Birth defects are the most common cause of infant death in the United States, affecting 120,000 children each year. Many birth defects occur because "neural crest" cells do not divide, migrate or differentiate normally during development. Neural crest cells form many critical structures, including the great vessels of the heart and the enteric nervous system (ENS), which controls the digestive system. We are focused on understanding the genes that control the normal development of these two key tissues. Recent technical advances in stem cell biology give hope that we can regenerate tissues that did not form properly. However, we do not yet know how to convert undifferentiated neural crest cells into the specific cell types that are needed, nor do we understand the genetic mechanisms of their disruption in patients.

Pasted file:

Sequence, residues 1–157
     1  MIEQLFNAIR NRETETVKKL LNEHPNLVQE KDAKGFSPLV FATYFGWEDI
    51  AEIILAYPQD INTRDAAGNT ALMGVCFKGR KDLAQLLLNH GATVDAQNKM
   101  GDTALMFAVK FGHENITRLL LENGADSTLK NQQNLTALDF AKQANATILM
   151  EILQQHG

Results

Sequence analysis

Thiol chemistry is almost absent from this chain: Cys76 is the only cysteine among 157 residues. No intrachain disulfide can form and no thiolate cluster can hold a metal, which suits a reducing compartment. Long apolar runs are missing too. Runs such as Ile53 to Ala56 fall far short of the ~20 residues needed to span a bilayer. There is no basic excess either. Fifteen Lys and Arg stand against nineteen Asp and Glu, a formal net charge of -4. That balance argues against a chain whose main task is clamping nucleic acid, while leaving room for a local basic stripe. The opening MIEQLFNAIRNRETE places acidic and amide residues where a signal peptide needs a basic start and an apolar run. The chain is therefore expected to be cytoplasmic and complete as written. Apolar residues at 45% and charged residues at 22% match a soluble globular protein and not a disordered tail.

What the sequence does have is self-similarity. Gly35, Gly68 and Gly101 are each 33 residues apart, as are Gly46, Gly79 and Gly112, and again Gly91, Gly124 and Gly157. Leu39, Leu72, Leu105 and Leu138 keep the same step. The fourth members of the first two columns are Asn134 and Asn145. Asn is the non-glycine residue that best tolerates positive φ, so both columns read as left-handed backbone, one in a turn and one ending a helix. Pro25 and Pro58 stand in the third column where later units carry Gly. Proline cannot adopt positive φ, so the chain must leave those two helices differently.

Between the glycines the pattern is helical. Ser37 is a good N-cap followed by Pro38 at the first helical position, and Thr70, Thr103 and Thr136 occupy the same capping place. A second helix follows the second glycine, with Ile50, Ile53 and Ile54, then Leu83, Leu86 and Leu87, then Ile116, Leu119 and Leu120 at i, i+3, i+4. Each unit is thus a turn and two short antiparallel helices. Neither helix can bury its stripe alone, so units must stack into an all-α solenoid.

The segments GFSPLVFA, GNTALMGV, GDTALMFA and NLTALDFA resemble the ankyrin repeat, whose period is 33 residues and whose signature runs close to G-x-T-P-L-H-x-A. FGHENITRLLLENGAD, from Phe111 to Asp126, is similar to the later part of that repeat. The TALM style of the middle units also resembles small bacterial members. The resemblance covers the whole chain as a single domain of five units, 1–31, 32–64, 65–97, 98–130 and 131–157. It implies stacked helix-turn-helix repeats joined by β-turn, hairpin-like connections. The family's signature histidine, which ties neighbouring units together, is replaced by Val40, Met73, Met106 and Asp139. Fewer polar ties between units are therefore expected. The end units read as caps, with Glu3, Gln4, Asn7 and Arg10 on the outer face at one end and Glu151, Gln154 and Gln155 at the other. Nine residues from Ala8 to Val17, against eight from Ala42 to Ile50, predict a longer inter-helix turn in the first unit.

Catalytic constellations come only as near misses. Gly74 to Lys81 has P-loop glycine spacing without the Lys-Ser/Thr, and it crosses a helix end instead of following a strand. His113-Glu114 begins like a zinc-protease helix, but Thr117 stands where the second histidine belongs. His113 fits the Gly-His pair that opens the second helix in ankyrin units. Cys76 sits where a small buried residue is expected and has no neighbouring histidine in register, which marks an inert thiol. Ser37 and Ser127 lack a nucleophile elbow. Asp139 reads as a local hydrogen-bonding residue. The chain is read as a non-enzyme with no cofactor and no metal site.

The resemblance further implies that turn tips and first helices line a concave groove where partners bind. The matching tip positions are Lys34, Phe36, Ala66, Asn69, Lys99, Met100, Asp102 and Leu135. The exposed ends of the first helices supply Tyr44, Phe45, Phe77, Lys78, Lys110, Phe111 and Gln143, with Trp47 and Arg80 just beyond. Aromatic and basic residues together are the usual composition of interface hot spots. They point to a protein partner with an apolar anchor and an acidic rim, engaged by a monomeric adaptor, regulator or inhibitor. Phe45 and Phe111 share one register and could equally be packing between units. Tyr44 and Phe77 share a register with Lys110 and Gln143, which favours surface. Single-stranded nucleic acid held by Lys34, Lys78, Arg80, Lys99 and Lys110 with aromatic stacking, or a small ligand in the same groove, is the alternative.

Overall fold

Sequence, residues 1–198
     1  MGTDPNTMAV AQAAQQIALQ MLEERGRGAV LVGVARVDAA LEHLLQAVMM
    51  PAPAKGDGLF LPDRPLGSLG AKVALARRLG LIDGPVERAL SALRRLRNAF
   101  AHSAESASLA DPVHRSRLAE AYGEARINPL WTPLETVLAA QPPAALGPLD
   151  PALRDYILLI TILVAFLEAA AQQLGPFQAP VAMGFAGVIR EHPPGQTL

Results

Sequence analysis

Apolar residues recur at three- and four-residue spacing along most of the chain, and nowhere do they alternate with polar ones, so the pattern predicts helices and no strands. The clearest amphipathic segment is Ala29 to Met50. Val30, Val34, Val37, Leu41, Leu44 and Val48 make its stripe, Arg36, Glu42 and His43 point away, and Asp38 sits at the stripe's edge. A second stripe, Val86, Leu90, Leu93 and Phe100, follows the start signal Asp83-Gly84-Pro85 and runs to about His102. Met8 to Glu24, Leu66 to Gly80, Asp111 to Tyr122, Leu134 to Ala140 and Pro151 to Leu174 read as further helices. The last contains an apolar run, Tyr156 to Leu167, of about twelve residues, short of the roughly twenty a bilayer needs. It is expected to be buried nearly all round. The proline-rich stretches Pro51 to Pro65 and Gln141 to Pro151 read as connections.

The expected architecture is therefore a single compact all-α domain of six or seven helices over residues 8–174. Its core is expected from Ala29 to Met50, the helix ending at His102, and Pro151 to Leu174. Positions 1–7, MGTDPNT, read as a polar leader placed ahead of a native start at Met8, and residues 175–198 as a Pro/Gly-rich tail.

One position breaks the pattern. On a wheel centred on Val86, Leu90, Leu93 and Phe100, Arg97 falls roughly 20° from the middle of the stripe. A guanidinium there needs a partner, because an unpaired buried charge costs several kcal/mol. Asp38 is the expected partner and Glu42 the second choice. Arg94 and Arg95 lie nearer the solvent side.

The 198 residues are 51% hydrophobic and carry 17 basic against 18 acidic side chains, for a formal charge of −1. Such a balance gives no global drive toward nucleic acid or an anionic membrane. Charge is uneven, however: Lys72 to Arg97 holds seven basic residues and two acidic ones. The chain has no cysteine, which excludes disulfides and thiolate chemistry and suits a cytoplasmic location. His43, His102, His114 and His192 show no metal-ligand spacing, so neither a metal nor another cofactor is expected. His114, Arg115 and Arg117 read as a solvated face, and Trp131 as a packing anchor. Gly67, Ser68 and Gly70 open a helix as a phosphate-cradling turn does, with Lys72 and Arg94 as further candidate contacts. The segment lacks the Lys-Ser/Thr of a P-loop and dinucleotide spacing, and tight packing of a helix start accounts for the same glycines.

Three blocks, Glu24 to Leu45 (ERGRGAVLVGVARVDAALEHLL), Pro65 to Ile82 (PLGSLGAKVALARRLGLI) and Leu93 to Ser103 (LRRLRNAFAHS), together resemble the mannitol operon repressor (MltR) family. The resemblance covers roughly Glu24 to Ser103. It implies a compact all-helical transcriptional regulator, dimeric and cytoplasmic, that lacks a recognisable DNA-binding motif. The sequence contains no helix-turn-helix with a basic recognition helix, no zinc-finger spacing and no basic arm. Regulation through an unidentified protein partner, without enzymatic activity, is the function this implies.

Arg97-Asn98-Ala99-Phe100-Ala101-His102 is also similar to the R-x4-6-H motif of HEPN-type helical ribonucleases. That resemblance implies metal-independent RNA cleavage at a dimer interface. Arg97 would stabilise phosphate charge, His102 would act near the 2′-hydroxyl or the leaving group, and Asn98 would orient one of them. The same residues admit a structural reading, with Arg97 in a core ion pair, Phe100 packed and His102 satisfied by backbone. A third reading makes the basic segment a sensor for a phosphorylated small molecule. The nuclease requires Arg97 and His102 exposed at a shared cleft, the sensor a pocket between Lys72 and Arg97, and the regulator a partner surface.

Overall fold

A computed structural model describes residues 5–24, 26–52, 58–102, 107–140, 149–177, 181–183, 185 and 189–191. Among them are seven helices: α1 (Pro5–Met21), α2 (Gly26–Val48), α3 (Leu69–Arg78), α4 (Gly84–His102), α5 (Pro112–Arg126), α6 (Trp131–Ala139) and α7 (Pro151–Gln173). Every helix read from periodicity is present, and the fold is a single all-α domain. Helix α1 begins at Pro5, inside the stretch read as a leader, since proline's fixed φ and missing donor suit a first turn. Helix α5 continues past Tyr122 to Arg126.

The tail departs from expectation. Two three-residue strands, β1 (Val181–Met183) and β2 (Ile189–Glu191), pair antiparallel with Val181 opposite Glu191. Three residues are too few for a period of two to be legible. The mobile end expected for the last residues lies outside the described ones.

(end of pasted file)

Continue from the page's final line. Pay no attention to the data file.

- We developed tools and defined in vivo gene expression profiles of crest derived cells
- Key genes expressed in these cells were tested to determine if they are necessary and sufficient for specifying cell fate
- Key genes were tested using human genetics for contribution to ENS and cardiac phenotypes
Potential impact: Abnormal development of crest derived tissues can lead to life threatening problems, including Hirschsprung disease and supravalvar aortic stenosis. Our work will help define genetic causes of disease in patients and identify mechanisms for differentiating replacement cells.